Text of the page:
Review: Well Fed (Paleo Recipes for People Who Love to Eat)

I love food. I love growing it, shopping for it, cooking with it, sharing it…yup, I think you can safely say I love just about everything about it. What I love most, though, is that after years of eating an all-too typical North American diet of way too much sugar and overly processed foods with unpronounceable ingredients, I’ve returned to the kind of food my grandmother would have recognized as food…only better.

Why better? Because INTERNET, people. And so many amazing cooks who share amazing recipes that turn real food into sheer, absolute bliss. (See how poetic I’m waxing here? I told you I love food!) One of my recent and most favouritest cook-type-person discoveries is Melissa Joulwan, owner of the blog The Clothes Make the Girl. I stumbled upon Mel–or rather, her blog–when I began doing the Whole 30 program as part of my fight against BIC syndrome, and her fast, easy, real recipes won me over so much that I began stalking her on Twitter and Facebook, raving about my addiction to recipes such as sweet potato & bacon Soup (stay tuned…I’m sharing that recipe below!) and chocolate chili. Then, one day I mentioned to her in a Twitter post that I’d added her cookbook, Well Fed: Paleo Recipes for People Who Love to Eat, to my wishlist–and Mel very generously offered to send me a copy! I had a total fangirl moment, of course, but I think I managed to only slightly embarrass myself in my effusive thanks…I hope. 😉

Anyway, Mel ended up sending me not just Well Fed, but Well Fed 2 as well…


and so this past weekend I did what any other slightly obsessive cook would do. I spent a day and a half (I kid you not!) in the kitchen, trying out new recipes such as meaza pie, egg foo yong, a seasoning recipe for homemade Italian sausage, and two stir fry sauce recipes…along with a couple of my favourites, cinnamon beef stew and (of course!) the ubiquitous sweet potato & bacon soup that has become an almost weekly event at our house. (Yes, it’s that good.)

My verdict? I’ve loved every recipe I’ve tried from this book, and so has hubby. In fact, in six months of following Mel’s blog, I have yet to find one of her recipes I don’t like, and these cookbooks have just increased my level of enthusiasm. Ingredients are, for the most part, found in your average real-food inspired kitchen (or they’re at least easily obtainable in most grocery stores/supermarkets); instructions are clear and easy to follow; the pictures are gorgeous (and accurate!); and Mel has a lovely, relaxed way of writing that makes you feel as if you’re talking to a friend.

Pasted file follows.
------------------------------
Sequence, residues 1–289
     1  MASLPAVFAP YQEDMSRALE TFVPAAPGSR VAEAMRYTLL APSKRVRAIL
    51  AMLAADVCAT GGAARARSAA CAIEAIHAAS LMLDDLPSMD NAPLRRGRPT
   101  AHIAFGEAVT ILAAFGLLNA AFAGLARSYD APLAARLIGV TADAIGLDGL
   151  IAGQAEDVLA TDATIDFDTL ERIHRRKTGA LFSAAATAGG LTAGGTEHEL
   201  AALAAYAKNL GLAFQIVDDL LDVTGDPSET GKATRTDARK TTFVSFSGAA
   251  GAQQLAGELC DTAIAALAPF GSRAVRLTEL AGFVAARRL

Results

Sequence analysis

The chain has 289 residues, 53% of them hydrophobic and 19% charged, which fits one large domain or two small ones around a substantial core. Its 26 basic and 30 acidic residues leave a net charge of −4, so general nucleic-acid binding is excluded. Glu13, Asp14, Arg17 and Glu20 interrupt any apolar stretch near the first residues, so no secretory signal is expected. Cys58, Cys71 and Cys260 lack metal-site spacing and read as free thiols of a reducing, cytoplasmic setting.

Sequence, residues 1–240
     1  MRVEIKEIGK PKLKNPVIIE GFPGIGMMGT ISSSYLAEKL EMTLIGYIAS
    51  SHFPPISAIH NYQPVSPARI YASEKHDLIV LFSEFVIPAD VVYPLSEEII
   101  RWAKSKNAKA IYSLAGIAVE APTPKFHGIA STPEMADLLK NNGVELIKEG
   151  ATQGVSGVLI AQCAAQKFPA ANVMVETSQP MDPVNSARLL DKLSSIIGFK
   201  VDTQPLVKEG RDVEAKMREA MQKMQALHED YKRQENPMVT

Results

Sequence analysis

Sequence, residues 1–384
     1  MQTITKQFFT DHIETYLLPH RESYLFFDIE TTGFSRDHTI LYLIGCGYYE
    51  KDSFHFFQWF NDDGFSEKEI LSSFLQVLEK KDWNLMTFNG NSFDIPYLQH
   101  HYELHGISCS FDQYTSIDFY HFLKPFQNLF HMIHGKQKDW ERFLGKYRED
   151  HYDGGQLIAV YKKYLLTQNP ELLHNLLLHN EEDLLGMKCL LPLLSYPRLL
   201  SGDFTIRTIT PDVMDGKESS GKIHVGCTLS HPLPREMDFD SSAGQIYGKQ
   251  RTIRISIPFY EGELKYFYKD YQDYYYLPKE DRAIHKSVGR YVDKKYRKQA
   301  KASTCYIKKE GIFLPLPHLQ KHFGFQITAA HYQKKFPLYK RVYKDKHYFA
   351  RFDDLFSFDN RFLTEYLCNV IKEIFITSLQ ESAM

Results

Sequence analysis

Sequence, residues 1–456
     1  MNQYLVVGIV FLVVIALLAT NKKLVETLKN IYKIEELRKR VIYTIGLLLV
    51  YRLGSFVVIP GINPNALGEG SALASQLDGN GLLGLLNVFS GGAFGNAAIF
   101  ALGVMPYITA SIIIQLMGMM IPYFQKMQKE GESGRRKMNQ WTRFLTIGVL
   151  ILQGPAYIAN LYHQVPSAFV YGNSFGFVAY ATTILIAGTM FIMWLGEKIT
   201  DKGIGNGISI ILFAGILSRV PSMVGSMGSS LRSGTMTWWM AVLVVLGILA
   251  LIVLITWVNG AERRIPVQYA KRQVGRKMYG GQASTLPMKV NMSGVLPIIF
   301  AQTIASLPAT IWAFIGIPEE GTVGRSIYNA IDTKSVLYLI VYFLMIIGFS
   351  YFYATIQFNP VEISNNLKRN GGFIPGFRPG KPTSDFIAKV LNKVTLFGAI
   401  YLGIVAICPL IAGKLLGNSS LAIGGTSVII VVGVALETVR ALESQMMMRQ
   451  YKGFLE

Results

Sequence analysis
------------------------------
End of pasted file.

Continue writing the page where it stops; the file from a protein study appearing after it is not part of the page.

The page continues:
As a bonus, Mel includes instructions for her world-famous “weekly cookup” (okay, world-famous may be a bit of a stretch, but as far as I’m concerned, it should totally be that famous), which has you spending 2-3 hours in the kitchen on a weekend in order to produce enough cooked food to last for the entire week. She even gives you suggestions for combining these foods into complete meals she calls “hot plates” that go from fridge to table in under 20 minutes. Brilliant, yes? 

My only complaint–and it’s a petty one–would be with regard to the small size of the some of the type, which has served to point out that I really do need reading glasses. sigh (This isn’t an issue with Well Fed 2, however, where the font size is larger throughout.)

All in all, I highly recommend Well Fed to anyone (whether you’re eating paleo or not) who is interested in cooking real recipes with real food…you can find buy links at the end of this post.

And on that note, Mel has kindly allowed me to share my rendition of her sweet potato & bacon soup with you…enjoy! >click to tweet!<

UPDATE February 2, 2015: I just found out that Well Fed 2 won the grand prize in the 22nd Annual Writer’s Digest Self-Published Book Awards — huge congratulations, Mel, and well deserved!

Sweet Potato Soup with Bacon (found in Well Fed 2)

6 slices bacon

1 medium onion, coarsely chopped

1 teaspoon Ras el Hanout (This is a spice blend you can find a recipe for on Mel’s blog. It makes what seems to be a lot, but do it anyway, because it adds such depth of flavour and interest to the soup…and I guarantee you’ll use it up in future batches! 🙂 )

1/2 tablespoon salt

1/4 teaspoon black pepper

pinch of cayenne (I make mine a generous pinch because we like a bit of heat)

5 cloves of garlic, peeled and smashed

2 lbs sweet potatoes, peeled and cut into chunks

4 cups chicken broth (I’ve also used beef oar turkey if that’s what I have on hand)

1 cup water